Functional Safety Management is an investment

resulting in profit on the bottom line – even if it is

not always that obvious.


Safety First. For a very good reason this is the classic mantra of the offshore industry. Avoiding unwanted incidents to personnel is an obvious reason for carefully sticking to the right procedures. However economic calculations, too, offer good reasons for staying alert to changing market conditions. Lost production is an evil that can quickly result in considerable costs. One of the tools for avoiding spurious plant outages and for increasing operational safety is the use of a Functional Safety Management System (FSMS) – for optimizing safety by focusing all the way from the initial hazard and risk management to final decommissioning.


“There is a balance between operational costs and the cost of safety, but you can’t always see the return from the latter. It is rarely visualized on the bottom line but it is a question of understanding the risk which is an important issue for when sustaining the licence to operate” states John Walkington, Managing Consultant in Functional Safety Management at ABB. In the oil & gas business where the recent market conditions require careful scrutinizing of all expenditure, interested parties should give the functional safety management aspects of the business a continued high priority and focus.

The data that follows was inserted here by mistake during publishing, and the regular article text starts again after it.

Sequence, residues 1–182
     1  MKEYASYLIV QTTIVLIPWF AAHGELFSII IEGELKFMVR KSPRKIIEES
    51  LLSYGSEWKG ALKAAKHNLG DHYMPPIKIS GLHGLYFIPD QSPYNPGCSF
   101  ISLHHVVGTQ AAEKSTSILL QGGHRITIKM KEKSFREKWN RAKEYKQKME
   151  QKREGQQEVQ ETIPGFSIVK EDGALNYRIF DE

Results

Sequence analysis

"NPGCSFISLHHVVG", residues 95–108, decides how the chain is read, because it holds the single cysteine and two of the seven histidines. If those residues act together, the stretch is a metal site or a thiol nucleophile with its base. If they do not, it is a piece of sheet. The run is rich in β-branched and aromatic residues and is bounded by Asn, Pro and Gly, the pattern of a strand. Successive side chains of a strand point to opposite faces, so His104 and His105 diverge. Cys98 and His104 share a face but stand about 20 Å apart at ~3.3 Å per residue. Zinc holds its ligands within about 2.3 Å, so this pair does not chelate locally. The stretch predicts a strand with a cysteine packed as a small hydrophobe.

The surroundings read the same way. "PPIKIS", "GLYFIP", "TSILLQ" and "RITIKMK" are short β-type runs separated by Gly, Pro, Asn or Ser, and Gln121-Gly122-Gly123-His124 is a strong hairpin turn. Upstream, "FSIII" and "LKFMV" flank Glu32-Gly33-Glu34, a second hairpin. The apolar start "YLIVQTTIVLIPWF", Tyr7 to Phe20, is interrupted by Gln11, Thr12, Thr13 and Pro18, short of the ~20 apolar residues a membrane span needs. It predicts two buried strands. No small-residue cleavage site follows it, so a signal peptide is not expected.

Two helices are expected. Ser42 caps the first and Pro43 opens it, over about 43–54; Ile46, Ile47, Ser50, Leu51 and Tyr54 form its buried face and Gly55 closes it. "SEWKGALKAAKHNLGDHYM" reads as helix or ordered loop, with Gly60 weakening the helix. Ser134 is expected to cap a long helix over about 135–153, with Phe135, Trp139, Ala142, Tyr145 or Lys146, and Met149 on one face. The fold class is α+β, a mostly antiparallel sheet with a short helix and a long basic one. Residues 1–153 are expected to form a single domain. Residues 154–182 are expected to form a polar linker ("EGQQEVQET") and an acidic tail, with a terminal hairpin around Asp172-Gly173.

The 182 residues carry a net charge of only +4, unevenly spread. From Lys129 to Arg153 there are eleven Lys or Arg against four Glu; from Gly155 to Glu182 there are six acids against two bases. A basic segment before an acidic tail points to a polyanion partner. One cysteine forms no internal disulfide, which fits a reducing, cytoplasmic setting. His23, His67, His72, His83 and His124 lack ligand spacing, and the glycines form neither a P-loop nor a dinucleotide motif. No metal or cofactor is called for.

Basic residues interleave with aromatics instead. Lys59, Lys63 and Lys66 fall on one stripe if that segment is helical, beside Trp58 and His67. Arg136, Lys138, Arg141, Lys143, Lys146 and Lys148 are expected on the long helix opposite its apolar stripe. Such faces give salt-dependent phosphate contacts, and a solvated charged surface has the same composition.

“This balance is a dilemma which everybody has to consider, and it is important to continue investing in both process and functional safety. It always turns out that good safety is good business. The implementation of a rigorous Functional Safety Management System (FSMS) will go a long way to support the needs of the business to successfully continue to operate in a safe way. This is required regardless of any external market impacts on the business,” explains John Walkington. The responsibilities of oil and gas companies do not grow less rigid as a consequence of a lower oil price.


Recent updates to good practice standards such as IEC 61511-1 Ed 2 where a number of things which used to be “shoulds”, now have turned into “shalls” means that Functional safety compliance in today’s environment therefore needs to be more demonstrable. Adoption of such IEC safety life-cycle management is an industry recognised approach for such demonstrating of good practice – even when it is not mandatory.



It’s important to focus on areas such as timely planning, detailed hazard reviews, robust requirements specification, correct technology selection and the need to meet long term operation and maintenance of such safety functions. These are an essential part of Functional Safety Management and should for a start not only result in safer production, but over time in considerable operational savings.


“Within ABB Denmark and throughout our global network of dedicated safety execution centres (SECs), we go to great lengths to fully implement our TUV accredited functional safety management system, because of this ABB have been described as best in class,” says John Walkington, that can see the advantages of this focus.


“This level of spend is tiny when compared to the costs of a production stoppage, break-down or incident occurring within a US$ multi-million operational unit. If sufficient resources and competencies are not applied to verify, validate and build in the necessary requirements for successful operation and maintenance, the costs can be substantial. That is something the industry must have on their radar from the very start, even if it may not always be obvious at the beginning. Investing in robust FSMS surely pays over time.”.


Support the needs of the business to successfully continue to operate in a safe way.

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